I relish this silence
Of the wide window,
And the sun's pale exertion
through the magnolia tree.
But can verse, schooled,
Raise the scent of these
New England shutters,
April's fists of flowers?
Nearby a pair of students
will curve their bed
With the insistence
that's sent the river
Against our boots on the trim lawn.
Will they be brought to justice?
Yes, and maybe those clouds are
Distinguishable after all
From the rutting magnolia bursts.
Flames are gone from prim fireplaces;
We are in this smooth shell of a day
That enters, with notions, by my door.
Light, shadow show different by minute
Under the pale black leaves
and the ten bold strokes on warm bricks
from who knows where
So, trellis with gentian flowers of a similar day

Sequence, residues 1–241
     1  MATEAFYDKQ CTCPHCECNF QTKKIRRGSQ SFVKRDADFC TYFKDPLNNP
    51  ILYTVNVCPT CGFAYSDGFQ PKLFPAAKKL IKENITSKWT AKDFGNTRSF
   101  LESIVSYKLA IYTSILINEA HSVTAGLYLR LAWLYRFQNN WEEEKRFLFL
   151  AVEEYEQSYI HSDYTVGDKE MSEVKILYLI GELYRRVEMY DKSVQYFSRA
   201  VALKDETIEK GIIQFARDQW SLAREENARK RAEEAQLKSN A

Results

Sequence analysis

nearer the ocean --
There's no moment. of
time standing at the beck of shade jumping in sun
and a lifting air breeze.
There's a camera, pushing
Into a long alley
blue, large names
No doubt banal
stairs up one side
something floor following
always trapped by
A matter of duty:
threading a room
peopled, sexed, gendered
But no exit
but exit and flow
This is better than light! It pulls at your jaw. Unlaces your bone-white arms.
Flings your thin summer wrapper. into the hurly-burly sea.
This is no oil painting. It’s not Proust. Or some "rite of passage."
It’s a ditch dug in fury. A shot heard down the meadow.
You can sketch it. Hum it. Carry it along.
It will be with you.
Blow Ye Winds
the cloth waving outthrough
the white cross window
this blowing on stunted legs
the blank tapestry of their curtain
William V. Ray is a retired English teacher who has also been a textbook editor, freelance writer, and, of late, a café owner. His published work includes textbooks as well as poetry and poetic prose. He is the editor of the online journal The Courtship of Winds <www.thecourtshipofwinds.org>. He lives outside Boston, Massachusetts. For more detail, please visit his page at LinkedIn: <https://www.linkedin.com/in/williamvray>